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25 October 2019 (Fri), 19:30 World famous Mariinsky Ballet and Opera - established 1783 - Stars of the Stars  Opera Benjamin Britten "Turn of the screw" (opera in two acts with a prologue)

Running time: 2 hours 35 minutes (till 22:05)

The performance has 1 intermission

Schedule for Benjamin Britten "Turn of the screw" (opera in two acts with a prologue) 2020

Conductor: Mikhail Sinkevich
Tenor: Avgust Amonov
Tenor: Andrei Ilyushnikov
Bass: Gennady Bezzubenkov
Soprano: Yekaterina Soloveva
Tenor: Alexander Timchenko
Baritone: Andrei Spekhov
Soprano: Larisa Gogolevskaya
Tenor: Oleg Balashov
Soprano: Yekaterina Shimanovich
Soprano: Irma Gigolaty

Composer: Benjamin Britten
Musical Director: Maestro Valery Gergiev
Musical Preparation: Irina Soboleva
Stage Director: David McVicar
Movement Director: Andrew George
Set Designer: Tanya McCallin
Costume Designer: Tanya McCallin
Lighting Designer: Adam Silverman
Music Coach: Steven Maughan

Orchestra: Mariinsky Theatre Symphony Orchestra
Opera company: Mariinsky (Kirov) Opera

Opera in 3 act

Performed in Italian with synchronised Russian supertitles

World premiere: 14 September 1954, Teatro La Fenice, Venice
Premiere in Russia: 17 April 2006 Mariinsky Theatre, St Petersburg
Premiere of this production: 17 April 2006, Mariinsky theatre, St.Petersburg, Russia

This dark and gripping tale set in the mid-19th century is based on the atmospheric novel by Henry James. A governess is hired to care for two children at Bly, an English country house. The position, which initially seemed promising, soon turns puzzling when the governess sees what she believes to be a ghost.

The Turn of the Screw is a 20th century English chamber opera composed by Benjamin Britten with a libretto by Myfanwy Piper, based on the novella The Turn of the Screw by Henry James.

At the time, it was claimed to be one of the most dramatically appealing English operas at the time of the premier. The British composer, Benjamin Britten, had already written 6 operas by the time he composed The Turn of the Screw. The opera, divided into 2 acts, 16 scenes, and a prologue, contains a 12-tone theme and often occurrences of strange and out of the ordinary intervals of notes and tones, as well as mystifying character themes that are heard, such as "The Ceremony of Innocence is Drowned" with the characters Miss Jessel and Peter Quint.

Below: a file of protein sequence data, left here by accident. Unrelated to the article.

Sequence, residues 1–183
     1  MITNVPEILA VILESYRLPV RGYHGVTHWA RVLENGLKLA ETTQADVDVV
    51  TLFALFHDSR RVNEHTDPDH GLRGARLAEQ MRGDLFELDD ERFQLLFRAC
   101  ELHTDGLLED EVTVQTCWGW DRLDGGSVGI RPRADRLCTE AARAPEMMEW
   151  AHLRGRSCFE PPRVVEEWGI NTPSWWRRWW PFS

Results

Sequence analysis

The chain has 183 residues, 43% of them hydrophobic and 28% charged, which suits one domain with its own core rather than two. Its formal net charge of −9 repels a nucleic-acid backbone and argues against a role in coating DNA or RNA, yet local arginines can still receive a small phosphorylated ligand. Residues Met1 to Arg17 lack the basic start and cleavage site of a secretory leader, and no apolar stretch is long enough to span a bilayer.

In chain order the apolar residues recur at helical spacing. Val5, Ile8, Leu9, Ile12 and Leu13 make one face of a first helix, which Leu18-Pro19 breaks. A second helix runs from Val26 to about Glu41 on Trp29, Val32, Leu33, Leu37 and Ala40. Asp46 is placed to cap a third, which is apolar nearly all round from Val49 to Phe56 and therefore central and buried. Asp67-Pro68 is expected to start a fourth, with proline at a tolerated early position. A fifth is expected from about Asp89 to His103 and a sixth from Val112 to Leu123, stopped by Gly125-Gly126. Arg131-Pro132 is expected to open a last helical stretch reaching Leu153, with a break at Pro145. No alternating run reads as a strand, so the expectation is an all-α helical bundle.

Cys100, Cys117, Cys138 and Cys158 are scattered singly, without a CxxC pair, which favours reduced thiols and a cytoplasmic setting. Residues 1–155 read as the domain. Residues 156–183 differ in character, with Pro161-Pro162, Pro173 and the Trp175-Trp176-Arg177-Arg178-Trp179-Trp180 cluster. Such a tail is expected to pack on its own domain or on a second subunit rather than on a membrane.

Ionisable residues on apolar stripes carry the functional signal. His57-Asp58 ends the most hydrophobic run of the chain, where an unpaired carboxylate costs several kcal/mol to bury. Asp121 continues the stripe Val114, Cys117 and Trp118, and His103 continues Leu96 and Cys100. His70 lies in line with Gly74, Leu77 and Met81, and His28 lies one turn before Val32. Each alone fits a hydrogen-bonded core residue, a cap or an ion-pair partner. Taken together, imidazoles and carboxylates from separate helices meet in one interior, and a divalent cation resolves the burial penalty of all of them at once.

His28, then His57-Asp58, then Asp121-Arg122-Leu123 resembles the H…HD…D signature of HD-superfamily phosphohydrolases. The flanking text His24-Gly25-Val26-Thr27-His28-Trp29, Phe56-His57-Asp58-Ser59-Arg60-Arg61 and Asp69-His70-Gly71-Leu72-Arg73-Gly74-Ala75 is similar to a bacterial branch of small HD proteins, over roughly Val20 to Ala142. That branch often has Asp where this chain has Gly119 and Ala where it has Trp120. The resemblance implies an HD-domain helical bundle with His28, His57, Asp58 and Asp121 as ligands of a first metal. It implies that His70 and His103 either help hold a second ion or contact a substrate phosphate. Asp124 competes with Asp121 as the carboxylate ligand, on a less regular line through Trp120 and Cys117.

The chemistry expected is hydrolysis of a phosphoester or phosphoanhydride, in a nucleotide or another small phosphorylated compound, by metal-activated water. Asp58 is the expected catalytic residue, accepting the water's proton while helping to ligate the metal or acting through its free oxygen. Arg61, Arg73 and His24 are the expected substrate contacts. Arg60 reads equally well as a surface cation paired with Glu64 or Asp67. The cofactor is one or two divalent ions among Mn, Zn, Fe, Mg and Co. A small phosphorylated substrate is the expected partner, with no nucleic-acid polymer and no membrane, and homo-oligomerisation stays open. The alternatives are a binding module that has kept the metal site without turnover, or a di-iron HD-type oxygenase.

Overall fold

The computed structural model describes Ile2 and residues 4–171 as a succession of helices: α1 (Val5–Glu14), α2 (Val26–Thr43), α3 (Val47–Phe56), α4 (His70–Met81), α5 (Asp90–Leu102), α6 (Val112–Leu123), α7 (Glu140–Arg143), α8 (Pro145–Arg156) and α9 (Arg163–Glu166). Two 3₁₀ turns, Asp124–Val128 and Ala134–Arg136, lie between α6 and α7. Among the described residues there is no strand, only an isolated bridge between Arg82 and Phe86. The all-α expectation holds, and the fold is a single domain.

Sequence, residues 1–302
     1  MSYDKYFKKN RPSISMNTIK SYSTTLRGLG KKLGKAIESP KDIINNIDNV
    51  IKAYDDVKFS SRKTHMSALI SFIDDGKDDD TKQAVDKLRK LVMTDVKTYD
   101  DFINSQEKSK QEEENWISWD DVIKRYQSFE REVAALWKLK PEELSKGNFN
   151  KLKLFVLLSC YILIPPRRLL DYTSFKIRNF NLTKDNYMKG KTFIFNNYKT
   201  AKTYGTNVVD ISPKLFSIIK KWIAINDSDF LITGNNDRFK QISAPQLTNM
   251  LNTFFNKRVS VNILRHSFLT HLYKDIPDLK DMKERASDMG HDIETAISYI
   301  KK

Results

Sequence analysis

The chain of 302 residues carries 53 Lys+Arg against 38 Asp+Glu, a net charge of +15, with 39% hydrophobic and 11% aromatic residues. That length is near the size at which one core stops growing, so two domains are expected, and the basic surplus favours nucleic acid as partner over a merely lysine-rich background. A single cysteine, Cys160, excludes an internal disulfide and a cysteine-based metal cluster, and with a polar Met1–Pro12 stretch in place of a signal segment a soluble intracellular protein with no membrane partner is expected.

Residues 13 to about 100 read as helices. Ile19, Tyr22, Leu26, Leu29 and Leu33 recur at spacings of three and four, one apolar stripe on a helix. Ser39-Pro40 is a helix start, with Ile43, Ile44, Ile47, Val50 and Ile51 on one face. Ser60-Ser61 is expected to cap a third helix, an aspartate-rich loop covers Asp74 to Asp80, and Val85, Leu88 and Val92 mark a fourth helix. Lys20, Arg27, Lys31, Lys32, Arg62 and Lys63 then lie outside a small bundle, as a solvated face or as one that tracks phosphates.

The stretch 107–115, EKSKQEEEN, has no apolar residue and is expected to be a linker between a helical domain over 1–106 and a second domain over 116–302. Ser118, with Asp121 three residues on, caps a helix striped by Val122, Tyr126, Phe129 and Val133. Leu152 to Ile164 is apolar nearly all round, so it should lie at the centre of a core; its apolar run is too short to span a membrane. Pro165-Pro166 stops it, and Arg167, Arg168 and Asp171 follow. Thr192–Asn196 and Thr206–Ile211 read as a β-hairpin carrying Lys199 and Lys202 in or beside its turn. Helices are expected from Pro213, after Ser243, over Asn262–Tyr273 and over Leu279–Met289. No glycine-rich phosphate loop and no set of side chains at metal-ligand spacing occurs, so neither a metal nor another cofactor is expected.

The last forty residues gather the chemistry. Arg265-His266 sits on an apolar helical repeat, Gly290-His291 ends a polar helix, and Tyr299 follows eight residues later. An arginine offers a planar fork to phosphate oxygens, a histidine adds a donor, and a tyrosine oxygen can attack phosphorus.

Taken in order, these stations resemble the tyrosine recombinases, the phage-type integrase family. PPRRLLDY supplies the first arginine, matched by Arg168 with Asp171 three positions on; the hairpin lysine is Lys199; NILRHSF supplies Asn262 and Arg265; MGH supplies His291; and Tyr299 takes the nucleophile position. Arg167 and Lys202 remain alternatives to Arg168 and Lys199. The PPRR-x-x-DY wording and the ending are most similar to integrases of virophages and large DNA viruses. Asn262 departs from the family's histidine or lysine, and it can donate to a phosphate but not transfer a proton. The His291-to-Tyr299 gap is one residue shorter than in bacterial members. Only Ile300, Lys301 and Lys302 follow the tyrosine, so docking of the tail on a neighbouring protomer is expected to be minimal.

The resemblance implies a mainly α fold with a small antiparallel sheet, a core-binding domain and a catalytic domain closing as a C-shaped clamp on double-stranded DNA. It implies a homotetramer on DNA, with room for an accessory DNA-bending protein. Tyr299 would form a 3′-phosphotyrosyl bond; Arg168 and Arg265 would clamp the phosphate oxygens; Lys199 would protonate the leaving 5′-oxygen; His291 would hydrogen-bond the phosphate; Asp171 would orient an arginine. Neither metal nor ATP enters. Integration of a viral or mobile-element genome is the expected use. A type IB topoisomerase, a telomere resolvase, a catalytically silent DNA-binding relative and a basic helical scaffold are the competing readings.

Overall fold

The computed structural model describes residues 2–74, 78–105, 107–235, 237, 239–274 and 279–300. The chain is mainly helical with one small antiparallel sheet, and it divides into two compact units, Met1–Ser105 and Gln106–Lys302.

The director of the production, Scotland’s David McVicar, whom Valery Gergiev invited to take on Britten’s psychological rebuses, has met his task with a particularly British sense of precision. In terms of sets ascetic, the production’s tiny details nevertheless get to the very essence of each “turn of the screw”, i.e. of each new turn of events (or hallucinations and the illusions of events)... The production team have tried to make everything external – meaning the objects, the everyday, the interior – imaginary and inexistent. And even the most visible details – the immense windows reaching from the floor to the ceiling – appear on the stage now to the left, now to the right, now they disappear, giving a sense of the infernal to everything that is taking place.

Scottish director David McVicar has shown a story of the struggle between forces of Goodness and forces of Evil. The battlefield here was the soul of the young boy, Miles. Themes of demonism, of hellish temptation, of calling voices are all embodied to a similar degree in the music of the opera and in the acting of the performers. 
Sankt-Peterburgskie Vodomosti

David McVicar tells the opera's story in a minimalist style. The mise en scиnes are elegantly constructed and unpretentious: the most important thing for the stage director is psychological accuracy of behaviour and underlining the dominant features in the protagonists’ characters. 




A crowd assembled by the walls of the Imperial palace in Peking listens to a Mandarin reading a decree - anyone who wishes to win the hand of Princess Turandot must solve three riddles; whosoever cannot answer must die. The young Prince of Persia is to be executed this night. The excited crowd rushes towards the palace, but the guards keep the people back. An old man falls to the ground. In anguish, a young girl calls for help. A young man rushes out from the crowd, recognising the old man to be his father. Their unexpected meeting is not a joyful occasion - old Timur’s enemies have usurped his throne and banished him from his native land; his son Calaf has been forced to wander foreign parts, hiding his name from everyone. Timur is accompanied everywhere by the faithful slave girl Liu, whose love for Calaf is unrequited.